Heartbreak is often described as a sharp, physically crumbling pain. When it comes to a broken heart, we imagine a flood of unadulterated emotions, almost as if we have been informed of the death of a loved one.
But I see heartbreak differently. In my view, the feeling of heartbreak isn't about a sharp pain, and it's not just about the pain that develops when we're reminded of the person who broke our heart. Rather, it's a chronic, dull pain that sticks with us from the moment we wake up to the time we go to bed. Everything is dulled -- even the good moments aren't as good.
It's kind of like wearing a thick, itchy sweater in 100-degree heat. We want nothing more than to rip it off, cut it off. We just want to feel normal again. But we can't. And even when we do manage to shed that sweater, we still feel like it's kind of on. We have to continually remind ourselves that it has been shed.
One of the major frustrations I hear from women is related to the process of dealing with heartbreak in their life. They are angered, frustrated and awed by the ability of their former romantic partners to seemingly move on in their lives after the relationships end. These women often wonder: How can these men move on so quickly with another woman? How can they not feel crazy like me? Why am I the one who texts, calls and emails him? Has he forgotten what we shared? Did he ever care?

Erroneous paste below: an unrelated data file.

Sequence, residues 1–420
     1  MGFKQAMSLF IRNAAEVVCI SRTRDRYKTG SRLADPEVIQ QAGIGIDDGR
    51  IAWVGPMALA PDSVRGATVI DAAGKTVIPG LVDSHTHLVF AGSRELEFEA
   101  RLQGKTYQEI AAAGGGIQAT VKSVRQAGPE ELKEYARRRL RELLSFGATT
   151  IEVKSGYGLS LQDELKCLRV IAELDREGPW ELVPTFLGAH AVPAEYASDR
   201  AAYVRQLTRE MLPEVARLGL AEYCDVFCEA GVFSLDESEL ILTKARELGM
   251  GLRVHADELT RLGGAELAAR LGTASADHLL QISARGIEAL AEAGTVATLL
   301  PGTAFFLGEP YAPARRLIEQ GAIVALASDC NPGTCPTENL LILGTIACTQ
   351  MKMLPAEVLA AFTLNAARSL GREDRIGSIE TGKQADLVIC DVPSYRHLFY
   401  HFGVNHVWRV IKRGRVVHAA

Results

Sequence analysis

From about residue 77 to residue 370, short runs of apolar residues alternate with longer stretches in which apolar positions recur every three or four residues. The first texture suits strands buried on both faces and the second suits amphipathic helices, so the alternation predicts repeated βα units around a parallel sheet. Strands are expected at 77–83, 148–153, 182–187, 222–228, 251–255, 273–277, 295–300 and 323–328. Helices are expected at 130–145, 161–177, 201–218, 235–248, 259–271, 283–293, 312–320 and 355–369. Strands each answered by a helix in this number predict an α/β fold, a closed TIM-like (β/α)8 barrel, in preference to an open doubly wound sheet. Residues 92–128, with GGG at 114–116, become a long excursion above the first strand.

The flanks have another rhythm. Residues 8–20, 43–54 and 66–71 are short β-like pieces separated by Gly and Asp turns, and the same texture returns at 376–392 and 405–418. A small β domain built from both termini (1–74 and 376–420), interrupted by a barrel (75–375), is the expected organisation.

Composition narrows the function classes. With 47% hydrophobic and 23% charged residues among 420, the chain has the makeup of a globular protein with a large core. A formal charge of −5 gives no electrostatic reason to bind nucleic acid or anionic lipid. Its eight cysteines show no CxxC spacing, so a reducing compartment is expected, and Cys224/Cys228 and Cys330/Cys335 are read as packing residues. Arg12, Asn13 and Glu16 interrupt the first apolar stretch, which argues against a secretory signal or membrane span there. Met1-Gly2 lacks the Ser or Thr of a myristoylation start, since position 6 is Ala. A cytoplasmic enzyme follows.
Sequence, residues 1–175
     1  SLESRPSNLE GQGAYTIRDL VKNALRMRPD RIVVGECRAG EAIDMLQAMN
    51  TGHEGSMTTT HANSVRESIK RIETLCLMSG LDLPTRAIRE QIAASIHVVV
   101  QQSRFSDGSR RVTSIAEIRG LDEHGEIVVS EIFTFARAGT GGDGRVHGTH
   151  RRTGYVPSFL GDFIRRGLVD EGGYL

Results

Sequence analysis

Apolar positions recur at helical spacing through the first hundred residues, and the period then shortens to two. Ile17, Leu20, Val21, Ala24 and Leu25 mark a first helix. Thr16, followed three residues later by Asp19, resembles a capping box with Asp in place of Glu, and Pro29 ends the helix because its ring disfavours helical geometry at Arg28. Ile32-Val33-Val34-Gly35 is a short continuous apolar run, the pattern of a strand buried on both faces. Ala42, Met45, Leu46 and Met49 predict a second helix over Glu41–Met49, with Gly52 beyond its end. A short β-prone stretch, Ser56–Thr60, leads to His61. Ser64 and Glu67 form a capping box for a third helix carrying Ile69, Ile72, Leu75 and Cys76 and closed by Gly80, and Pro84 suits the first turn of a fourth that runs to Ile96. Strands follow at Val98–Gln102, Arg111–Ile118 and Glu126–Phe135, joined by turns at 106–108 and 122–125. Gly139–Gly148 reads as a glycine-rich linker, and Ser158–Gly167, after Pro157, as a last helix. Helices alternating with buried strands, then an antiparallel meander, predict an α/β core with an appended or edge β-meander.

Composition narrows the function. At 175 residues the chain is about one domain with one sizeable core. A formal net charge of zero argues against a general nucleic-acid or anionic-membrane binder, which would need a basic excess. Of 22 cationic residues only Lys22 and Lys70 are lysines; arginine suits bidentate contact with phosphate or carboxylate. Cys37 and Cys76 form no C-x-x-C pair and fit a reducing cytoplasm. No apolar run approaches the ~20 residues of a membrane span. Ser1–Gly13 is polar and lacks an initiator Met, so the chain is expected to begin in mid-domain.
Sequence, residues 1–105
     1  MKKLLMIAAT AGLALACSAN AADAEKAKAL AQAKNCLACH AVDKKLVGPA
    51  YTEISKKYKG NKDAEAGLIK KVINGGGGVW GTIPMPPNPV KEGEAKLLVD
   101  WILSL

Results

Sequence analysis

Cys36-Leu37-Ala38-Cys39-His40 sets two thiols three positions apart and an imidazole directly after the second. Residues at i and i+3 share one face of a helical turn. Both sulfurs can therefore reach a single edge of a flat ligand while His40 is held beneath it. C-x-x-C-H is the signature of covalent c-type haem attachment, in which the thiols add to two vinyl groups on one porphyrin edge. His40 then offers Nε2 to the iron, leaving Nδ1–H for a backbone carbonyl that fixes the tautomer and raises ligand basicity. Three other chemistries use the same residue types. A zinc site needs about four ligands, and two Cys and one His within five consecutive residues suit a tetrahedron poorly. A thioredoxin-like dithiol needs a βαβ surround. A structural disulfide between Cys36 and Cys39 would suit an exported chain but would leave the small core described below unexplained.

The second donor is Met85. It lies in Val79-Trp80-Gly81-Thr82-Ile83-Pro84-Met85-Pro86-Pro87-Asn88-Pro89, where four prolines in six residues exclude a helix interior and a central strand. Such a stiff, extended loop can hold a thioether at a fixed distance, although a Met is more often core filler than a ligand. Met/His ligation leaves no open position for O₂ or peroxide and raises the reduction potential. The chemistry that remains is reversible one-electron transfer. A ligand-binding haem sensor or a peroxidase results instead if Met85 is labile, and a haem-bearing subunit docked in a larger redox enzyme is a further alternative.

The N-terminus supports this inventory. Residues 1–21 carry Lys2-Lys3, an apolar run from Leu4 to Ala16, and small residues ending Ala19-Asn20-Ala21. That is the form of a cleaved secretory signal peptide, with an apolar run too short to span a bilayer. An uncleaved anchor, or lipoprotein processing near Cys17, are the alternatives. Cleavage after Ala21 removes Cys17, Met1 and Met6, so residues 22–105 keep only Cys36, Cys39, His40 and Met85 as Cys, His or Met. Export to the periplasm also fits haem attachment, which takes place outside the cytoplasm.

These women also wonder why they can't shed the pain attached to heartbreak for weeks, months, sometimes years. And one of the biggest questions they ask themselves is how they can stay in control in every other part of our lives, process major issues with a healthy outlook and still struggle with the absence of a lost partner, especially one who wasn't very kind.
I don't blame these women for feeling this way. After all, they're just basing their observations about how men deal with the end of relationships from experiences in their own lives. They see his actions as indicating that he has moved on, appearing as if everything in his life is normal and happy. He's being social and exhibiting absolutely no symptoms of heartbreak. And it seems that the man in the relationship has completely let go of his feelings of the past and any connection he had with his partner.
A man's sense of emotional expression may be different, but the way he thinks and feels are not. They are often struggling with heartbreak every bit as much as women.
While there are definitely instances of failed relationships where the man legitimately moves on more quickly than the woman, I find cases of men easily dusting themselves off from a broken relationship to be rare. The idea that men universally move on faster than women is absurd.
How do I know this?
Well, contrary to popular belief, I am a man. But more importantly, I inhabit a unique sphere where I hear the confessions of both men and women. And I always wish that the women I speak with and receive letters from could hear what men tell me in relation to their experience of heartbreak, because between men and women, there isn't much of a difference. When it comes to a broken heart, men suffer from the same pain, confusion and sadness women deal with.